A lack of trained staff coupled with difficulties with site access and unapproved maintenance plant is resulting in an “inefficient working” environment on the Crossrail project, according to Jacobs latest publicly available project representative (Prep) report.
The report, Prep 13, adds that “schedule impacts […] will be difficult to avoid” as the result of “inefficient working” practices out in place since Crossrail entered into trial running.
It adds that a “focus on short term milestones” has come at the expense of a longer “strategic plan”.
“With details still emerging, it appears from the first few weeks of the Trial Running period that the revised arrangements […] have resulted in inefficient working.
“Issues include practical and procedural problems with safe site access under the RfLI ROGS Rule Book, a lack of trained and competent safety supervisory resource, and difficulties with use of unapproved maintenance plant.
“While we are aware that these issues are being slowly resolved, schedule impacts upon subsequent critical activities will be difficult to avoid.”
The report adds that Crossrail was negatively impacted at the start of trial running as a “significant number” of workers took holiday at the same time.
Concerns were also raised that changes to tax regulation could lead to a lack of assurance workers to complete outstanding work, with Jacobs urging Crossrail bosses to push back its schedule to ease the “intense pressure” on those assurance workers.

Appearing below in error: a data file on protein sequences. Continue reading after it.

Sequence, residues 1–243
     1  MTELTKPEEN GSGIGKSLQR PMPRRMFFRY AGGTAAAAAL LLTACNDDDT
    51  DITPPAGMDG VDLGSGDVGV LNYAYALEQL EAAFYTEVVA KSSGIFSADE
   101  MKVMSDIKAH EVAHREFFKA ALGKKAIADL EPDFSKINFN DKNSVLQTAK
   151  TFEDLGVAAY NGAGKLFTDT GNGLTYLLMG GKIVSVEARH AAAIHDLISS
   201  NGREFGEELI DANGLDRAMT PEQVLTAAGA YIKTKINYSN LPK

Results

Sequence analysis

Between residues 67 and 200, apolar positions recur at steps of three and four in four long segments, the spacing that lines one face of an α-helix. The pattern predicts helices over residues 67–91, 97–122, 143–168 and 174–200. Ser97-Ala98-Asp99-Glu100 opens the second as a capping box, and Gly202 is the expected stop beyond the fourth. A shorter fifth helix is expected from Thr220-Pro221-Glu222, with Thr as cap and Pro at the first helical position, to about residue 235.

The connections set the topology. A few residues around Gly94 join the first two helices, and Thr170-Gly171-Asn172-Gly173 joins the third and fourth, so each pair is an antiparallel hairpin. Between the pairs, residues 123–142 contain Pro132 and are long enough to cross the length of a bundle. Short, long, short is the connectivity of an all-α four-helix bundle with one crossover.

Jacobs’ latest Prep report also warns that Crossrail’s revised delivery schedule risks being “overly optimistic”.
It adds: “We are concerned that CRL may develop a revised schedule that presents an overly optimistic position that is target date driven and constrained by stakeholder expectation.”
Despite Jacobs concerns, Crossrail has continued to progress with its extensive testing of the railway.
As reported earlier this week, Crossrail has upped the number of trains running through the Central London tunnels from four per hour, to eight per hour.
Testing is now gathering momentum with the Elizabeth line service due to run 12 trains per hour in each direction when it opens to the public. This will then increase to 24 trains per hour after the central section is opened.
The blockade will focus on completing outstanding construction work at Bond Street and Canary Wharf stations, along with work to the routeway.
Department of Civil EngineeringDepartment of Civil Engineering – International Burch University (ibu.edu.ba)